Cure My Sickness

I cured myself of being sick. This might be a controversial topic to raise, but it is so very much on my mind that it is hard for me to resist. Awhile back, I had a fever for four days straight and I found the experience fascinating.

Part of the Handel Method® teaches that we make up theories about everything, some empowering, some not so much. So there are a few possible theories I’ve heard of about being sick. I’ve listed them below and my response to each. See what resonates with you:

1) Theory: Illness is about being exposed to contagions and heck my kids and husband had this fever/cough/headache so of course I got it.

My response: Okay, maybe a factor, but they get sick all the time and I don’t, so how do I explain my usual wellness when they’re sick? Or the fact that when I do get sick, I am always the last one to be sick? The theory is too simple.

2) Theory: You get sick from being run-down and tired. It means you need a break and this is your body’s way of making sure you get one.

My response: Hmm, I definitely buy that there is a point at which my immune system stops working optimally, but what I find fascinating is what “controls” when that point occurs. I do not believe it is random. And, wouldn’t it be more powerful to plan a balanced life including time off rather than have to “steal” it?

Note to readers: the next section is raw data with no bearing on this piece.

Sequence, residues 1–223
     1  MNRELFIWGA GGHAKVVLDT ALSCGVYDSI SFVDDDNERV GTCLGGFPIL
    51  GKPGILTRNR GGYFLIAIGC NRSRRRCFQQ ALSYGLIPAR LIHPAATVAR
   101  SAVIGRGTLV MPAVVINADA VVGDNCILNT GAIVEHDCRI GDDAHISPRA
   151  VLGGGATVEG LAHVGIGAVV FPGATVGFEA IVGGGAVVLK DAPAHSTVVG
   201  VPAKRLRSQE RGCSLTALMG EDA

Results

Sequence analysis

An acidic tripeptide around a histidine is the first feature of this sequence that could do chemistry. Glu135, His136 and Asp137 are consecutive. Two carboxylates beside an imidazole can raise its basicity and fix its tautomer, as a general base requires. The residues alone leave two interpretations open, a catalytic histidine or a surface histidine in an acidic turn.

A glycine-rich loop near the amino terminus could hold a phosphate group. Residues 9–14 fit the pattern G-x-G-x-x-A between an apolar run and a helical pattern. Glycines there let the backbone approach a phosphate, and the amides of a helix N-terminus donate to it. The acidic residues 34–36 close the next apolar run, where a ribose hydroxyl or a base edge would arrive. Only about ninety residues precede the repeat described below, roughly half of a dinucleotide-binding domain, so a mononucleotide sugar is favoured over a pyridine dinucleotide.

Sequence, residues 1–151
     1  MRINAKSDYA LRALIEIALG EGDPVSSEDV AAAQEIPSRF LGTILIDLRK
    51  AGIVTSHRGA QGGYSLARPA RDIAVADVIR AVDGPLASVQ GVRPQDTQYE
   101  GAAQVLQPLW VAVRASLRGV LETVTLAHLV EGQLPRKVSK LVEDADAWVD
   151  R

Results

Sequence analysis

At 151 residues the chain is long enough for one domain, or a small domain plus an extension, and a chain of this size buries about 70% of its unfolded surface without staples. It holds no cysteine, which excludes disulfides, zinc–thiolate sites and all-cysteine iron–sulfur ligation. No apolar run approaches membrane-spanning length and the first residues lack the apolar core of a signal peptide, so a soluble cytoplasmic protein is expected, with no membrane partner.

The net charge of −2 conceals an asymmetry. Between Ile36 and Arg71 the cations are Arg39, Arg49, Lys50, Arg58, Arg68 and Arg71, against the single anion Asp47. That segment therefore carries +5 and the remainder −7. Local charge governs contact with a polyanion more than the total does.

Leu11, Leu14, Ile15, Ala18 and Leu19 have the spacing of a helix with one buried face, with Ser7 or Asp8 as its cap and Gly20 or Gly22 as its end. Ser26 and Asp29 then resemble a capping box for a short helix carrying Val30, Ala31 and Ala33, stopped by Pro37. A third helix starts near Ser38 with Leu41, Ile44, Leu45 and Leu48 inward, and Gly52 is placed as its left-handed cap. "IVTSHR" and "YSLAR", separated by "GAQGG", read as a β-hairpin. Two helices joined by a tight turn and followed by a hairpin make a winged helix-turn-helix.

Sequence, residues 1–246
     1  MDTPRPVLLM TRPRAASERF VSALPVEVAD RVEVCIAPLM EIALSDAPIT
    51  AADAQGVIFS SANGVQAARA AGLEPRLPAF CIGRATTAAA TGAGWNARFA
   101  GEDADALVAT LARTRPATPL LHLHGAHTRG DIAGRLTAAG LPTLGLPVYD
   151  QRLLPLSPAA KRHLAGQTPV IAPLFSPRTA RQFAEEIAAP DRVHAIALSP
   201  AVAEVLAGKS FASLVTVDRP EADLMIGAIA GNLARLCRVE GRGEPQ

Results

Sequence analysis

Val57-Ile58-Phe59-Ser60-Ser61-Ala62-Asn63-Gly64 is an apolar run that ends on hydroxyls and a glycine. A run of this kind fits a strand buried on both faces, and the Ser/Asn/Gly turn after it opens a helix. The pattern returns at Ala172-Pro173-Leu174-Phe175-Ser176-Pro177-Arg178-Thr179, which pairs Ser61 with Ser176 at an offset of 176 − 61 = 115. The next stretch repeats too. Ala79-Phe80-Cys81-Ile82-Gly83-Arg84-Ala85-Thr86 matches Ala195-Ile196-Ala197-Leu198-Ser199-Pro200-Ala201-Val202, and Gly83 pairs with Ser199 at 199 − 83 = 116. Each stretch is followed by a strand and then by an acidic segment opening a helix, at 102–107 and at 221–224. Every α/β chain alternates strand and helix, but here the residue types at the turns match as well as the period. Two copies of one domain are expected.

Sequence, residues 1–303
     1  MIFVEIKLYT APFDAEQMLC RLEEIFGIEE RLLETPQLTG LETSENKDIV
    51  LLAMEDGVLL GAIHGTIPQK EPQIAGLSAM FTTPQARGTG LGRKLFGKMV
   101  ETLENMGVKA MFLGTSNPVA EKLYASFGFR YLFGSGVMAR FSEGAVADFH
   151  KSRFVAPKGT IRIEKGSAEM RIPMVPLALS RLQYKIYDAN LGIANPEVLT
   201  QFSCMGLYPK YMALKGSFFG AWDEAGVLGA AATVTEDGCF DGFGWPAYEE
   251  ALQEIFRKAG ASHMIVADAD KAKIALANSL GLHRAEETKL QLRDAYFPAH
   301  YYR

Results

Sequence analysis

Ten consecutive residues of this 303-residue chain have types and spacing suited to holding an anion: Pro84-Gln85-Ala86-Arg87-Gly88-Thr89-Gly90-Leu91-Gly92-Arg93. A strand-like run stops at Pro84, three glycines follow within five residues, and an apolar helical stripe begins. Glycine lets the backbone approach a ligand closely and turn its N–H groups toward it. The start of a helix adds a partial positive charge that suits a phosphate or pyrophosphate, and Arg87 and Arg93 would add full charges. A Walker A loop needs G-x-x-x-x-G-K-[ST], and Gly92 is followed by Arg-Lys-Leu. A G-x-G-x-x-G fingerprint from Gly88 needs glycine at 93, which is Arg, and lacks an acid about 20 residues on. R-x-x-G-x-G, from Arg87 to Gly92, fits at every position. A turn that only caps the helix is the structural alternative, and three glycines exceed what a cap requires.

3) Theory: It’s completely random.

My response: Doubt it. I never think that because I feel so much more powerful when I consider I have something to do with it.

4) Theory: Sickness is to show you something, a lesson perhaps?

My response: Now we’re starting to talk my language. Sickness makes you slow down and pay attention. But be careful you don’t get the wrong message. If you are thinking the lesson/message is that life is unfair or that you are powerless over germs or disease, you are on the wrong track. The theory is getting warmer, but has pitfalls.

5) Theory: Sickness is just the inner “brat” or “chicken” acting out.

My response: Whoa, consider that. This is not the most common explanation, but it is my current, winning theory. It dawned on me this might be the truth because I realized that my fever started DIRECTLY after hearing that one of my biggest, scariest dreams really might be coming true (hello, chicken) and that I might be losing a co-worker who helps me a lot with things I feel I need (“no fair” said the brat). Coincidence? Oh, I think not.

If I check back to every other time I ever got sick, there’s a pretty similar pattern. In this instance, and others in my life, I wanted to make sure to get off the hook for dealing with something, or dealing with it immediately or directly. I wanted to hide from something, just recede for a little while, please! (A short fever is perfect for that by the way; thank goodness I do not feel the need to pull in “bigger guns.”)

The cure: When I realized the chicken and brat were at play and I had ceased to “author my life” (and confessed that out loud to others on my team) I instantly felt better. My mojo returned and the fog lifted. It took a few more hours for the fever to dissipate, but it too left. If the original moment of “feeling powerless” was the turning point to the sickness’ onset, then this moment of reclaiming my power was the turning point towards health.

We teach that feeling bad is a diversion; we use “feeling bad” to get off the hook from dealing with issues head on. It hadn’t occurred to me quite so boldly, until now, that “feeling bad” includes feeling bad physically. What a revelation. Hope it helps you with your sniffles.

Love, Laurie

 

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